This commonly-used Ubuntu tool can be hijacked to spread malware

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Hackers can abuse Ubuntu’s “command-not-found” package suggestion system to deliver malware to users, researchers are saying. The attack surface is relatively large, and there are multiple ways threat actors can abuse the feature.

This is according to a new report from cybersecurity researchers Aqua Nautilus, which notes how when a Ubuntu user wants to run a specific program that’s currently not installed on the endpoint they can bring up the "command-not-found" utility and have it suggest packages to install.

The problem here is that there is no way of knowing if the suggested package is malicious or not. The tool suggests packages from an internal database, as well a frequently updated database from the Snap Store, for snap packages. So, in theory, a threat actor could force the system to suggest malicious packages to the user. 

Plenty of room for impersonation

There are three methods to abuse the tool, the researchers further said. The first one is to simply publish malicious snaps to the Snap Store and hope the review process isn’t as detailed as it is for Advanced Package Tool (APT) packages. Snap packages can be published as “strict” or “classic”, with the first one being only for a sandbox, and the second one with unrestricted access, similar to an APT package. The second ones are reviewed manually, opening up plenty of space to successfully hide malware, it was said.

The second method is similar to the first, as due to a loophole in the naming system, the attackers can register malicious snap packages for legitimate APT packages, forcing the tool to suggest both. After that, it’s only a matter of chance for the victim to pick the wrong one.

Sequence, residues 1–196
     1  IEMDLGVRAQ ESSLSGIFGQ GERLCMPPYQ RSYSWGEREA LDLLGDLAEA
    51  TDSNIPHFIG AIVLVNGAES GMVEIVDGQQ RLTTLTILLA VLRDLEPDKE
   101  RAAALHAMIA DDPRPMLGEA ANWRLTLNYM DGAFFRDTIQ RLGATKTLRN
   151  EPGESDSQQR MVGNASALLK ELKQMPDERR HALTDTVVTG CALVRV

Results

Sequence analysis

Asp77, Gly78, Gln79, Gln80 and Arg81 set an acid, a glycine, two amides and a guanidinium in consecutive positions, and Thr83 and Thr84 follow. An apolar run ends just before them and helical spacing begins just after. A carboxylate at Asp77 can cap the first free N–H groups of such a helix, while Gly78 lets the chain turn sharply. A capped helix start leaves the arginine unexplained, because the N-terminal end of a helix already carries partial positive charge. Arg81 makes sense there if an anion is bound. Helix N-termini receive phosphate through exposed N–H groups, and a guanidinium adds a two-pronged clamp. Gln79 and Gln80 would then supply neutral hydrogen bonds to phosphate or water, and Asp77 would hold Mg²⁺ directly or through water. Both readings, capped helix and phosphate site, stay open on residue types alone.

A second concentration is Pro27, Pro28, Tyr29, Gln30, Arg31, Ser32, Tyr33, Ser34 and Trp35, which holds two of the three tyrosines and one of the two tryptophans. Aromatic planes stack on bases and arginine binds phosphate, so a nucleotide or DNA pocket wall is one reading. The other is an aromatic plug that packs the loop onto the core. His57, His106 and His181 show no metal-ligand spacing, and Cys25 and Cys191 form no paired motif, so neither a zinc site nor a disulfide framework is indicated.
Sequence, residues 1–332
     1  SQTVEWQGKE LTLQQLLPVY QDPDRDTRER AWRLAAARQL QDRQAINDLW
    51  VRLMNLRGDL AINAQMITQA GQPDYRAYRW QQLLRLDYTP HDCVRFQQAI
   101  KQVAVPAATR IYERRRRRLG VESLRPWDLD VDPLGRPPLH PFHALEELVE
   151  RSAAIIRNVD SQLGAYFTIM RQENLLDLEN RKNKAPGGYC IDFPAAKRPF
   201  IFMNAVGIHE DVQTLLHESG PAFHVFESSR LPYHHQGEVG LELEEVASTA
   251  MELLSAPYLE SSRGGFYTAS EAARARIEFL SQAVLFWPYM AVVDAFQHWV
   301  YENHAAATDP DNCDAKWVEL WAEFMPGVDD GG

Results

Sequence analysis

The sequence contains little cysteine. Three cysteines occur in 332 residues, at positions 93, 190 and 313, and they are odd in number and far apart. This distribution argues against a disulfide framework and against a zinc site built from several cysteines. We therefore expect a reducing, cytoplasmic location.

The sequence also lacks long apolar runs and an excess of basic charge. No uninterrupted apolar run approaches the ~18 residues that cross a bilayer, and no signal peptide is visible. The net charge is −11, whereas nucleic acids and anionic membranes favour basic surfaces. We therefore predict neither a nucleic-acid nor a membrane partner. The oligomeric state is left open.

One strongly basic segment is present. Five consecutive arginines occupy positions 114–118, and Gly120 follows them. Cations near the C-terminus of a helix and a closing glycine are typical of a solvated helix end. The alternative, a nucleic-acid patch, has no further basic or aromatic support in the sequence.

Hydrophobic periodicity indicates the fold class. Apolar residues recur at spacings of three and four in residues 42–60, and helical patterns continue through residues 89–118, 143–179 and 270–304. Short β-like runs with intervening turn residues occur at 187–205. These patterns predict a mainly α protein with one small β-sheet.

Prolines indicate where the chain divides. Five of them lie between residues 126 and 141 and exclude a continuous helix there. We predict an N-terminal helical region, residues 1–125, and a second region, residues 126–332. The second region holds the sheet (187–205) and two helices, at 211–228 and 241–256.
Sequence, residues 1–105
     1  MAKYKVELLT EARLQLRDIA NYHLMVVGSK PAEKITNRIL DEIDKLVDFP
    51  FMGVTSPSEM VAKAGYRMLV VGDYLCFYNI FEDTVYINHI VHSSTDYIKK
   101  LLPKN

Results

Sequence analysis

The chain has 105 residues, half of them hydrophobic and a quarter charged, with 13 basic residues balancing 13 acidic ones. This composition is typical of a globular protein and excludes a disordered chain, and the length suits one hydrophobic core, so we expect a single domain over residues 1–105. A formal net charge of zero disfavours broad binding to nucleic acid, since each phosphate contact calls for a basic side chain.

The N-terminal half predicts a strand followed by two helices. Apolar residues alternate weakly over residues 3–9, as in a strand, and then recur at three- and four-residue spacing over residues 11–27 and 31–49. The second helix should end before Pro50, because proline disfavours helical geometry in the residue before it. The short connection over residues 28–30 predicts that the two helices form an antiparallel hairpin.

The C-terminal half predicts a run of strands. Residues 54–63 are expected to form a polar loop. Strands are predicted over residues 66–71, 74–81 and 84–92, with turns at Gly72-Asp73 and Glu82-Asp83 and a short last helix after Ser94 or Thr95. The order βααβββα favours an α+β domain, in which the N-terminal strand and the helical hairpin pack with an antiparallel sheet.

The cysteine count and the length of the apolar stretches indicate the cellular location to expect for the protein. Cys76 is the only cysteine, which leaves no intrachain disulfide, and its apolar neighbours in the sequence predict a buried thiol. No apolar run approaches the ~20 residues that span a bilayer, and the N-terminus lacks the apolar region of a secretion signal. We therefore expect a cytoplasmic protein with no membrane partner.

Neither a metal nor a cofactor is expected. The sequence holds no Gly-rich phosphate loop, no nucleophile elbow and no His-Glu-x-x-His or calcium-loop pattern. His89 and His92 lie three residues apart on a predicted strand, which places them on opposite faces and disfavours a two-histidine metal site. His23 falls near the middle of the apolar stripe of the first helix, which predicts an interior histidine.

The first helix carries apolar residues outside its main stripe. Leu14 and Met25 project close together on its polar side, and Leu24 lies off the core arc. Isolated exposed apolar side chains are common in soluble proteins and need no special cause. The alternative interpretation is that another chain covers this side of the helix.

The third method involves the threat actors registering unclaimed snap names that users might expect to exist, usually because of potential similarities to known commands. 

"Should a developer wish for their snap to execute a command that deviates from the <snap name>.<application name> format and is not simply <snap name>, they must request an alias," the researchers said. "Such a request initiates a manual review process in which the requested alias is voted on to ensure it aligns with the application."

But if the devs don’t have a snap registered under the alias, an attacker can move in with their own.

Aqua Nautilus says a quarter (26%) of APT package commands could potentially be impersonated, which is a major supply chain risk for both Linux, and WIndows Subsystem for Linux users. 

Via BleepingComputer

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Sead is a seasoned freelance journalist based in Sarajevo, Bosnia and Herzegovina. He writes about IT (cloud, IoT, 5G, VPN) and cybersecurity (ransomware, data breaches, laws and regulations). In his career, spanning more than a decade, he’s written for numerous media outlets, including Al Jazeera Balkans. He’s also held several modules on content writing for Represent Communications.